When I said the feeling of that emotion is something indescribable, I meant it. No amount of descriptive explanation could even begin to scratch the surface of what that sort of sensation feels like to those who have experienced it. It truly is a sense of embrace that you couldn’t begin to imagine.

And with that being said, I think that’s the majesty of freedom. Individualistic freedom has that sort of power; it has that kind of authority and it knows how to “release” you. It’s hard to put this kind of concept/idea into words, but I’m trying to formulate the best embodiment of it that I can muster. I know that from time to time my eloquence in writing can slip and become prey to the overbearing tides of confusion, and yet I believe that there are sometimes that I think I shouldn’t fight it. Sometimes I feel as though going against the tide in reality is going against everything that I might be standing for.

So here’s my argument; here’s what I propose. If I can’t effectively replicate that sensation of amazement and wonder that singing and dancing emits, then I’m going to extend an invitation to you. I’m inviting you to take action and explore that side of life that you’ve never dared to cross. Sure, the implications of what I’m suggesting you do could perhaps be going against every fiber of your belief system. But what is there to lose?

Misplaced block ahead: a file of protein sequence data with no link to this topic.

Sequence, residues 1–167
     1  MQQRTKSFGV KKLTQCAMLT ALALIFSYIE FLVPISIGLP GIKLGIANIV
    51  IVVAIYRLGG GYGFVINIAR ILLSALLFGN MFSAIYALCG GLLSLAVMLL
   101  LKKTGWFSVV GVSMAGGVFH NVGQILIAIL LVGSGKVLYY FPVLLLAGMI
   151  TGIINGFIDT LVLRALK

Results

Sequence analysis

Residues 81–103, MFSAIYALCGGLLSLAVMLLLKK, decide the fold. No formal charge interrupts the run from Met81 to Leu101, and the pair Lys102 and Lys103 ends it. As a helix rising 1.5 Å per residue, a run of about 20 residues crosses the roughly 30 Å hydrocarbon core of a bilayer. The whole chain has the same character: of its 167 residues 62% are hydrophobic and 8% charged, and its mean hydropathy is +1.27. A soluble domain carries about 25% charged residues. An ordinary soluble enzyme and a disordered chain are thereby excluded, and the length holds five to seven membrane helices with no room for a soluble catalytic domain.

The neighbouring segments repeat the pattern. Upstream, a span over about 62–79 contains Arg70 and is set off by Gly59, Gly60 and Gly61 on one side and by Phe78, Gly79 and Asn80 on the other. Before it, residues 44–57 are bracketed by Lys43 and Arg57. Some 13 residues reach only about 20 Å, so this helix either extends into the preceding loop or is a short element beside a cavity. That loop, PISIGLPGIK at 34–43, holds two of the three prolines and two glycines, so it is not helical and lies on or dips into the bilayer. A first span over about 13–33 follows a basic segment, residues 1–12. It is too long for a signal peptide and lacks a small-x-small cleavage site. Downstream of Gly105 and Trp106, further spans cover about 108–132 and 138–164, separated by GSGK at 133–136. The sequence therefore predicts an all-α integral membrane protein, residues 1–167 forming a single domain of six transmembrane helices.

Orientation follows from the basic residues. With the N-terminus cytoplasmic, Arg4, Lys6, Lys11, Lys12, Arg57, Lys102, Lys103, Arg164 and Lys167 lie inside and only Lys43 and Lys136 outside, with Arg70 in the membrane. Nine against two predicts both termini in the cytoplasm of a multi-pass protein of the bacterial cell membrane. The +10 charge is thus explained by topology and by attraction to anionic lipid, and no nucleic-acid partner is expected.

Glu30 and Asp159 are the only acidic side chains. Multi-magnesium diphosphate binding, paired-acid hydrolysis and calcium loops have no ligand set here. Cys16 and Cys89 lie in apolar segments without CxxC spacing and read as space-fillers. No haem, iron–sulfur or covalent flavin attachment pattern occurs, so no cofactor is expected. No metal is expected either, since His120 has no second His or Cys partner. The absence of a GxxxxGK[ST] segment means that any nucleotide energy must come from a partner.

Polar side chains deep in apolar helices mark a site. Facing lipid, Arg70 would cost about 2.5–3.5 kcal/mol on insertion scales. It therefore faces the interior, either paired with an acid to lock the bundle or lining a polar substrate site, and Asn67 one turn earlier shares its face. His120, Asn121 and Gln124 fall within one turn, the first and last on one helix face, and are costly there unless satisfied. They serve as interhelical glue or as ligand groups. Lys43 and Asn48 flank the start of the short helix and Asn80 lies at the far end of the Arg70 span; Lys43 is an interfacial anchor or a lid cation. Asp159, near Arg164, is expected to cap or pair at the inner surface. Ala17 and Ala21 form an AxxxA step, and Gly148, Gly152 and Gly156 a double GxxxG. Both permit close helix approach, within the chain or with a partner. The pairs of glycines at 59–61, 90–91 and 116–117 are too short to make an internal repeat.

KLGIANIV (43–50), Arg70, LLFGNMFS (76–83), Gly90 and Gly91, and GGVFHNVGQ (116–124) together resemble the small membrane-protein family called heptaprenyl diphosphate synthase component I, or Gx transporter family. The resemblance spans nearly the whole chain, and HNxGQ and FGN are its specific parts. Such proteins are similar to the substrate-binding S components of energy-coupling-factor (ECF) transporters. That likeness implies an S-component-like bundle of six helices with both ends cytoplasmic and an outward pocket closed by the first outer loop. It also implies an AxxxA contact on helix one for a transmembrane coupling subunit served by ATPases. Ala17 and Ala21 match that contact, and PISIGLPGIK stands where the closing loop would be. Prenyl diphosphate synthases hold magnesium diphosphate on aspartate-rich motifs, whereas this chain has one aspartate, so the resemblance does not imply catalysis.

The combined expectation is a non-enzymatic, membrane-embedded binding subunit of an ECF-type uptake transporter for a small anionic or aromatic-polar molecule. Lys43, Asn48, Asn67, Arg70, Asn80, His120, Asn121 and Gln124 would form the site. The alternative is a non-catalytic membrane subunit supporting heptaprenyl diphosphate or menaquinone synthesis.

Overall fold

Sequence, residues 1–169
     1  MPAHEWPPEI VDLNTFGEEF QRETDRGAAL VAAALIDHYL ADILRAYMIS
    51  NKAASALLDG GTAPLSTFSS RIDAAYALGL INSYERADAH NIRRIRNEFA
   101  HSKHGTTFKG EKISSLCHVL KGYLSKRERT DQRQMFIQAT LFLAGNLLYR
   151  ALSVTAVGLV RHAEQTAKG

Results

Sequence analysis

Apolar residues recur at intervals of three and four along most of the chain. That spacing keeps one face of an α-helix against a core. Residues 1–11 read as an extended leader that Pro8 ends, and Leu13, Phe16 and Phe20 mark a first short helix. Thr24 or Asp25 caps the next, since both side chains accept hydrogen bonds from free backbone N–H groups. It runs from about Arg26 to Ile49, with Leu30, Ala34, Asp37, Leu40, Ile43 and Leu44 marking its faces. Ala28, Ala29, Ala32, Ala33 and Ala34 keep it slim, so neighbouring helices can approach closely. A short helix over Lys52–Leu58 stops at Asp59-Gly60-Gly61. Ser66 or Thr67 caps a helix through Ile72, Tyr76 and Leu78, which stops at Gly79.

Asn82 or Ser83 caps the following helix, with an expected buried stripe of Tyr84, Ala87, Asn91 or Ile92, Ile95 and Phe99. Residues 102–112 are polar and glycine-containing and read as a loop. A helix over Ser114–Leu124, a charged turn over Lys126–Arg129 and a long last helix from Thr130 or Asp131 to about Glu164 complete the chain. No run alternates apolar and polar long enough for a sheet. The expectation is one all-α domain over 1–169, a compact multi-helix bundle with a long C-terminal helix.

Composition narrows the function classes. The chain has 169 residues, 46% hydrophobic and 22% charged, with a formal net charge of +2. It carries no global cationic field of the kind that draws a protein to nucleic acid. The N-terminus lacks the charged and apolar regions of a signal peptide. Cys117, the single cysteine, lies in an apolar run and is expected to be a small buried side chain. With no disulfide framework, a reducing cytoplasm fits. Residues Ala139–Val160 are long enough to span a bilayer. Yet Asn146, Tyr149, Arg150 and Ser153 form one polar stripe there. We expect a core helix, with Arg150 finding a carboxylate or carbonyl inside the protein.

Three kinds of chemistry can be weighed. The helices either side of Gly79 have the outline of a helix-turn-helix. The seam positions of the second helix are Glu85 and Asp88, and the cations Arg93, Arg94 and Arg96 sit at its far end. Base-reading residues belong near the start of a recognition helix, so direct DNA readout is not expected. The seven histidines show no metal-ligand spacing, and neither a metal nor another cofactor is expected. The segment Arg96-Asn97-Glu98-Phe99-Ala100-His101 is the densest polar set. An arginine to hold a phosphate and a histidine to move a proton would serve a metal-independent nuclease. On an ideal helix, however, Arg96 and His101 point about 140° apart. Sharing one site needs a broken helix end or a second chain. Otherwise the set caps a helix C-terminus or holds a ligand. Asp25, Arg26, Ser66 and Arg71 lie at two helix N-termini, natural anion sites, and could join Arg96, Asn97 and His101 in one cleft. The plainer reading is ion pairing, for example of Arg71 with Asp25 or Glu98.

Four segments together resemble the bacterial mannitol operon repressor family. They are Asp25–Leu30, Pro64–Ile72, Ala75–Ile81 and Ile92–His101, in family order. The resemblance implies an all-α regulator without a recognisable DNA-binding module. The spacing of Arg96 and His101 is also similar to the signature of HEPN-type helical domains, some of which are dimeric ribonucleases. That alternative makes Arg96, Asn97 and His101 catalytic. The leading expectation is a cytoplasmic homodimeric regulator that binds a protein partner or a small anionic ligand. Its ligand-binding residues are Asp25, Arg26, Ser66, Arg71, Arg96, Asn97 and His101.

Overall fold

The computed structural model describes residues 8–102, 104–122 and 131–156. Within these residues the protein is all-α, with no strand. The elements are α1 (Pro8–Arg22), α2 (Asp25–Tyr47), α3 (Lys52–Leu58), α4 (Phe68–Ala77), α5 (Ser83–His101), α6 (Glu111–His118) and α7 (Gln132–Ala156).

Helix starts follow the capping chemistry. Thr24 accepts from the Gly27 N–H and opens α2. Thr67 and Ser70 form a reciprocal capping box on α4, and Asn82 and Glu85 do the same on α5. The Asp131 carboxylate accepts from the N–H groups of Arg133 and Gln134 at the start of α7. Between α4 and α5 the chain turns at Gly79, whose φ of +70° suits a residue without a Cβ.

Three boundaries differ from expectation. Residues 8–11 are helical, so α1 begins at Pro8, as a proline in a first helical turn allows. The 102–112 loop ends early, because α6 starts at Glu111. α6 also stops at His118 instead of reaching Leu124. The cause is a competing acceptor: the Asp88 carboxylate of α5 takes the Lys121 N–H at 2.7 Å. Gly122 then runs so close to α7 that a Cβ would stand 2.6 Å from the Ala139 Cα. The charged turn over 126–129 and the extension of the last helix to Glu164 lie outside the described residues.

Fear is in itself an illusory construct that can take years to overcome; and if fear has a grip on you so tight that you couldn’t shake it off for even a fraction of a second, then this post means nothing to you (in which case I am sorry for wasting your time).

But if you have but a microscopic bit of impulse hidden somewhere deep within you; I’m telling you to find it, and I’m tell you to use it. Go out and find that freedom we always neglect; that freedom that we always so often ignore.

Singing and dancing doesn’t have to be on a Broadway stage in front of a 2,000 seat audience (99.9% of us will never get that opportunity in our life, so don’t worry yourself with that). But that doesn’t mean you should discourage yourself from finding freedom, or unlocking happiness. 

Sing and dance on your way to work.

Ignore the preconceived notions of society; neglect the presumptuous standards that we as citizens have to “act a certain way” or “behave in an appropriate manner,” when in fact those rules and regulations are destroying the very essence of who we are.